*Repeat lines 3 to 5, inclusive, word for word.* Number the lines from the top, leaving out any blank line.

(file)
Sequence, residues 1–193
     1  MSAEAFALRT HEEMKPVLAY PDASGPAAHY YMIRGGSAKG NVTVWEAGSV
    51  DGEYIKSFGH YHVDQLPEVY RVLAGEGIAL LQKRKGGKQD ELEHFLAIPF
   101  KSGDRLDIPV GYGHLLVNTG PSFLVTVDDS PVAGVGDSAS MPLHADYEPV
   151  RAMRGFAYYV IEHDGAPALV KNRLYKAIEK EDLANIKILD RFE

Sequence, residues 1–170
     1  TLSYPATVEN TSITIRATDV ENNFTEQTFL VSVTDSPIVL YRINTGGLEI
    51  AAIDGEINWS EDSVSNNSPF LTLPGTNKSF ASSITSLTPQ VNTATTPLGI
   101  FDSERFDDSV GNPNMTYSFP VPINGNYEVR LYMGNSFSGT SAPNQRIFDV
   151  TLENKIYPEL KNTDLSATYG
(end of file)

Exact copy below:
    51  DGEYIKSFGH YHVDQLPEVY RVLAGEGIAL LQKRKGGKQD ELEHFLAIPF
   101  KSGDRLDIPV GYGHLLVNTG PSFLVTVDDS PVAGVGDSAS MPLHADYEPV
   151  RAMRGFAYYV IEHDGAPALV KNRLYKAIEK EDLANIKILD RFE